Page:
Just six short years ago, the world knew Liberia variously as "Taylor Inc", "pariah state", "failed state", and even Africa's "problem child". The nation earned these labels because for more than a decade, its misguided sons and daughters waged systematic campaign of death and destruction upon its territory and people. Though still a "fragile state" today, there is consensus within the international community and amongst Liberians, that Liberia is a respectable member of the comity of nations, having waved "goodbye" to violence and decadence. The question that comes naturally to analysts, then, is, "How did the turn for the better come about within so short a time?" For some critics of government, it is the tenacity of the Liberian people minus the input of the government. For many, however, it is the resolve of the people guided by the commitment of the government for recovery and development. Amongst these rave reviewers of the government is Rufus D. Neufville. The Analyst presents his view on what he called the "restoration of hope".
"We must honor our president for promoting free speech in a country whose history is replete with killings and imprisonments. Her administration has permitted the widest degree of latitude for individual expression since the founding of Liberia in 1822.
"I can say here with scientific precision that the international acceptability and credibility of the Liberian leader is the major reason for these consistent foreign commitments.
"She took our homeland from the ashes of economic retrogression and socio- political decadence to a land of peace and flourishing democratic values."
These were the core perspectives of Mr. Rufus Neufville's rave review of President Ellen Johnson-Sirleaf's 7-plus-year administration tiled, "Restoration of Hope: a synopsis of the gains of President Ellen Johnson-Sirleaf", which he released to this paper over the weekend.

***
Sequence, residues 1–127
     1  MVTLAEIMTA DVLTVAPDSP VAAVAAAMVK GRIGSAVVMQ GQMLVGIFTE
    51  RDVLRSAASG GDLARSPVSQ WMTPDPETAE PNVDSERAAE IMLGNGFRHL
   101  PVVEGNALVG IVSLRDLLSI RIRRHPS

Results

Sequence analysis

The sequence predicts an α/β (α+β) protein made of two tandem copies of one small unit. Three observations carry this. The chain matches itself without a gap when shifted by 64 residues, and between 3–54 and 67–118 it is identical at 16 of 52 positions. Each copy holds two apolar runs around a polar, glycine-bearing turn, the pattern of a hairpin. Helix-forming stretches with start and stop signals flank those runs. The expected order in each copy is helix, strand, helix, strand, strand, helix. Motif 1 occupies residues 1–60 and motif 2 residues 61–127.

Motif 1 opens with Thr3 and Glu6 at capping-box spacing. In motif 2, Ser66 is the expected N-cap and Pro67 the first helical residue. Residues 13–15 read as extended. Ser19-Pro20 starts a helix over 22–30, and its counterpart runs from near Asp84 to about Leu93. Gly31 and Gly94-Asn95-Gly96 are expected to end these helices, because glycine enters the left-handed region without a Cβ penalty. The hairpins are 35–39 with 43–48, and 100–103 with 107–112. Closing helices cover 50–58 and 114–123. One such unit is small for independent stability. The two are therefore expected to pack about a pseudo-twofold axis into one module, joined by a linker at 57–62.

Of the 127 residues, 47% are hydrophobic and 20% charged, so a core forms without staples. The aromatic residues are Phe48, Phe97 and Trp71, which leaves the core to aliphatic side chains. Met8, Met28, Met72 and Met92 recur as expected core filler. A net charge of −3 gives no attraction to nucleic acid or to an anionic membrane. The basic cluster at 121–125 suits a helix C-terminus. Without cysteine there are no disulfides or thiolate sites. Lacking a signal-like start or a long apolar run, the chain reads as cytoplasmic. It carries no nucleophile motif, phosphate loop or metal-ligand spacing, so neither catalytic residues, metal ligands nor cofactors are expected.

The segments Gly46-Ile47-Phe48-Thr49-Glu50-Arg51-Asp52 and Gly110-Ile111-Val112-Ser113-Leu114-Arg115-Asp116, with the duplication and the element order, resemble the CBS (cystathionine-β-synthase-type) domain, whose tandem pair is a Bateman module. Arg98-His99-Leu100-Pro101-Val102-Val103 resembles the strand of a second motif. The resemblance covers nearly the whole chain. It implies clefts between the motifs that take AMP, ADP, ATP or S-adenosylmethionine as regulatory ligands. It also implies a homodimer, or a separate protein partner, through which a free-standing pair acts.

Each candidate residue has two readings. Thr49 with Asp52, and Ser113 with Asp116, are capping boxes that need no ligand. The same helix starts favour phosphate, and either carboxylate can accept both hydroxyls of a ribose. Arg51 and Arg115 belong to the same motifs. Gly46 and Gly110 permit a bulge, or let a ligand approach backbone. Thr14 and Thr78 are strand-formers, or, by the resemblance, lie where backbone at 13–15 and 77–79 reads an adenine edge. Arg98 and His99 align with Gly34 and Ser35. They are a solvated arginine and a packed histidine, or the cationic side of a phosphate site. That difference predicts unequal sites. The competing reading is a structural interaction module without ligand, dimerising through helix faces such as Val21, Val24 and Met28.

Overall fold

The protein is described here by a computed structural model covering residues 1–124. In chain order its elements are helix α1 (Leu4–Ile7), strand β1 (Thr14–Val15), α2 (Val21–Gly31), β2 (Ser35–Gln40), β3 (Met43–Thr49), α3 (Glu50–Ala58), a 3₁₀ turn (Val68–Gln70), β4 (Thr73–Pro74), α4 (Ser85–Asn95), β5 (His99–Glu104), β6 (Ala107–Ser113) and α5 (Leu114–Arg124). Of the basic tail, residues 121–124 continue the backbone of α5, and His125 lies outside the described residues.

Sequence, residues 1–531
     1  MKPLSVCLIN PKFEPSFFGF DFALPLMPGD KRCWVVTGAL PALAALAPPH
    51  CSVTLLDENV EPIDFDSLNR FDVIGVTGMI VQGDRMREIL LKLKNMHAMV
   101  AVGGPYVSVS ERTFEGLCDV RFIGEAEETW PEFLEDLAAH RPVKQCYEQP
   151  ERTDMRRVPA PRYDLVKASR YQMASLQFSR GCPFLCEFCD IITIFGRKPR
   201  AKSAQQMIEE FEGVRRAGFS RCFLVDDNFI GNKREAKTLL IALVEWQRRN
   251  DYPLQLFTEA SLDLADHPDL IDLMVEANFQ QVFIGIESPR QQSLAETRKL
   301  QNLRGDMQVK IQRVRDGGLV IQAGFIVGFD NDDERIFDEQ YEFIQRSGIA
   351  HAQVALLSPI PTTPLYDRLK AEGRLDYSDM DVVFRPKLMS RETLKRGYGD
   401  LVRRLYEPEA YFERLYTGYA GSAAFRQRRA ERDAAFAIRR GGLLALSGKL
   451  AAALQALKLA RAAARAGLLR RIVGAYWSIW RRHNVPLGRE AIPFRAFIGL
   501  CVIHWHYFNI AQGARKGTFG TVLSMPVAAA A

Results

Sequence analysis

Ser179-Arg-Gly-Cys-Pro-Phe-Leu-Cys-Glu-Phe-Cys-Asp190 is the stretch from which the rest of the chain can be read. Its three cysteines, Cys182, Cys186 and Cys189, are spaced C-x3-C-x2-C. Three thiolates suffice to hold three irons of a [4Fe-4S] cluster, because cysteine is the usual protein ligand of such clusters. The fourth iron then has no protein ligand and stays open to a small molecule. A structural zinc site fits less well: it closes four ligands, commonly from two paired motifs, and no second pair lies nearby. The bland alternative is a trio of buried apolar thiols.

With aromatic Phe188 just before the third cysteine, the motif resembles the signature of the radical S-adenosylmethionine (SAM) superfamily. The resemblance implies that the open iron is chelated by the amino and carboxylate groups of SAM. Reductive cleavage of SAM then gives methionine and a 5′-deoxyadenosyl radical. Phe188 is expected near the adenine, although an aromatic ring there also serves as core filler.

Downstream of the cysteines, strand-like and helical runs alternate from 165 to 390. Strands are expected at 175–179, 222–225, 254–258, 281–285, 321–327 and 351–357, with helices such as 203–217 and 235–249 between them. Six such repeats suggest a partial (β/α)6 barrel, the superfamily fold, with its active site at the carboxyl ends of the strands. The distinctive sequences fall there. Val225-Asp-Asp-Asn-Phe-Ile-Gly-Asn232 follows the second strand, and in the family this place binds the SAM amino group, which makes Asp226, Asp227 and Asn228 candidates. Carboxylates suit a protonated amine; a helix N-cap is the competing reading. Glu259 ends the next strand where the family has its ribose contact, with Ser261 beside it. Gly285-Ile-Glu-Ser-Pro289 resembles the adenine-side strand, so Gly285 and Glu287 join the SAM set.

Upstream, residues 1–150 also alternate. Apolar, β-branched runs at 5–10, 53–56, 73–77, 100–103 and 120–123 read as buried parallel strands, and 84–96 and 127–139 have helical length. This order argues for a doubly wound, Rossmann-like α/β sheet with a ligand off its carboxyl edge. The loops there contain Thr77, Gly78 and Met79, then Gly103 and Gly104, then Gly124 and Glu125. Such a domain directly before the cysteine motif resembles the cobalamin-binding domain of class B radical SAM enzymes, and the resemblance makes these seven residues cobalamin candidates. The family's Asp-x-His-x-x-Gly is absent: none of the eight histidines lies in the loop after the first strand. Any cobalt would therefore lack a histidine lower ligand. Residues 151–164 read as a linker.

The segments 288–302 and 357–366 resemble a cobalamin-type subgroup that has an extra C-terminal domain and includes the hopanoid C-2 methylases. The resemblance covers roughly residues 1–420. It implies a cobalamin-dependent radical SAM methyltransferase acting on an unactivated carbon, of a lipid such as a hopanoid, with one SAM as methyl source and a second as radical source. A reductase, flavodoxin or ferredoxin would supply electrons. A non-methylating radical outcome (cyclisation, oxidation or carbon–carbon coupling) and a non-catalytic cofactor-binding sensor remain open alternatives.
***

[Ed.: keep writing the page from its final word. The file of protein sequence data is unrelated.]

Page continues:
The former Montserrado County lawmaker, who calls himself "political essayist", recalled that prior to the administration of President Sirleaf, Liberia staggered under a 3.7 billion foreign debt while its GDP plummeted from US $1269 in 1980 to US $163 in 2005.
Reportedly relying on the statistics of the United Nations Department of Peace Keeping Operations (DPKO) West African Team, Neufville said during the same time, Liberia had no functioning public utilities and that the vast majority had no access to electricity, water and basic sanitation facilities, or healthcare.
Besides, access roads and bridges were in need of dire repair therefore stifling travel, job creation, and social services delivery.
Worst, he recalled further, health and educational institutions were dilapidated "with a dearth of qualified teachers and available resources to rehabilitate school buildings".
"Liberia has no effective functioning judicial system; outside of the capital Monrovia, most courts have been destroyed and trial-by-ordeal is not unheard of. During the civil war, the country's human resources suffered from 'brain drain' and crisis related death…At the end of the crisis there were 314,000 registered internally displaced persons (IDPs) in the country," he recalled.
Today, Mr. Neufville seems convinced, "the administration of President Ellen Johnson Sirleaf has made tremendous progress on all fronts to rebuild our war- ravaged country and restore its image amongst the comity of nations".
Regrettably, according to him, a few vocal political critics of the administration do not only see nothing good to the administration's credit, they also believe it is just another "failed regime".
"This belief was bordered on the psychology of a population suffering from the delirium tremens or aftereffects of the misrule of successive administrative flunkies. Others based their pessimism on the bad image of the country at that time and the 'apparent impracticability' of fast recovery process," he contends in the "Restoration of Hope: a synopsis of the gains of President Ellen Johnson-Sirleaf".
He was quick to note that while the criticism were gaining on the administration, there should be no doubt amongst sincere Liberians that the criticisms are not only based on "erroneous evaluation of the unwavering determination of the first female president on the continent of Africa", but also that lack truth and patriotic drives.
Mr. Neufville did not say in what way Liberians should honor President Sirleaf for performing the state duties for which she took oaths of office in 2005 and again in 2012 upon her reelection, but some observers say the how should in no wise negate the need.